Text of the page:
The Elevator

Columbusís Elevator is a restaurant on High Street, just south of Spring Street. Stained glass in the front window spells out BOTT BROTHERS--BUFFET AND BILLIARDS. Today its most recognizable feature is the bright, flashing sign hung above the entrance, but itís also known for the large public clock which stands at the curb. (For years the restaurant was called The Clock.) The hands are always stopped at 10:05, for reasons linked to The Elevator's ghost.

In February 1909 Colonel Pritchard, a famous womanizer, was stabbed by a spurned lover in the street outside Bott Brothers. He staggered into the doorway of the tavern and bled to death there in the snow. The street clock stopped at the exact moment of his death. Today he is supposed to haunt the building.

A friend of mine who worked at the Elevator tells me that not only does the womanizer haunt the building, but his killer's there as well. She apparently froze to death in the cold weather and is now seen by the occasional employee, especially late at night, after the patrons have left and things are relatively subdued. Whoever it is, the apparition is nearly always the same: a ball of energy, an extremely bright globe of white light. A girl I know who worked there said the brewmaster claimed to have seen the ghostly ball of light, and it's described in a personal account which makes up part of a Halloween 2006 Columbus Alive article.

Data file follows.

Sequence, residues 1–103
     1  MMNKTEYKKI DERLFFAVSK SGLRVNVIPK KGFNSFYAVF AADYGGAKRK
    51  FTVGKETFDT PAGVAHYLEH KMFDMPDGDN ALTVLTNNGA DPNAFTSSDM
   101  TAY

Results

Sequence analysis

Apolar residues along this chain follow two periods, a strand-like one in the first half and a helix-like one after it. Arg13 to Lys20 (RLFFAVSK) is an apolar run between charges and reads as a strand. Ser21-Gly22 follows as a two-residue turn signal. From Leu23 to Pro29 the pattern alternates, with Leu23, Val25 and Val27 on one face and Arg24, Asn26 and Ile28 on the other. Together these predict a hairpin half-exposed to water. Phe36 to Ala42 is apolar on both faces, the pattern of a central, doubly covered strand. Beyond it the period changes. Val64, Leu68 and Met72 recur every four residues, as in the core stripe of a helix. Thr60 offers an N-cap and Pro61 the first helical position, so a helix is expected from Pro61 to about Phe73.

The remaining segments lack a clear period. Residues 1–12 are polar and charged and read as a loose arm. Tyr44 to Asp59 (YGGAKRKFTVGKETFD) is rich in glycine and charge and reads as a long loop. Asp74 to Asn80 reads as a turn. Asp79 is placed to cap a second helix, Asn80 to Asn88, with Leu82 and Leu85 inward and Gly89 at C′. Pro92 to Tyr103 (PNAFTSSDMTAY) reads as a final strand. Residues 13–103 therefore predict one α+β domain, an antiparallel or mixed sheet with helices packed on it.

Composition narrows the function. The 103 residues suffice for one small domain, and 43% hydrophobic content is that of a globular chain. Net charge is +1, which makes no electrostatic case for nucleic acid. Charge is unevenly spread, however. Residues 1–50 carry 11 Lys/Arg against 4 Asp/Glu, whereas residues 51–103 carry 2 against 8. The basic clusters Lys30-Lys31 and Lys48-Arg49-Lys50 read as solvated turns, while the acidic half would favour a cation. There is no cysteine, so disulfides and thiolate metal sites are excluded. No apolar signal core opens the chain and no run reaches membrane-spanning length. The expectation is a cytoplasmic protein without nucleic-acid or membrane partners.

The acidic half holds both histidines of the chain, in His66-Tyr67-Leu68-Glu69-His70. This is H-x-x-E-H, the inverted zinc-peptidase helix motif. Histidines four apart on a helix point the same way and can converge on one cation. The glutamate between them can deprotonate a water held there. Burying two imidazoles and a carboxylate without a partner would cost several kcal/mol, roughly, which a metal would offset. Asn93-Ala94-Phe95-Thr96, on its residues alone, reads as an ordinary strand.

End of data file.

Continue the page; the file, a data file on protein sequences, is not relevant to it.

"Ghost Stories" - Columbus Monthly article
"Spirited Stories" - Columbus Alive article



Ross, John. "Spirited Stories." Columbus Alive Oct. 26, 2006. pp.22.

Rubio, Josie. "Ghost Stories." Columbus Monthly Oct. 2003: 32-39.

Smith, Robin. Columbus Ghosts. Worthington, OH: Emuses, Inc., 2002. pp. 19-22.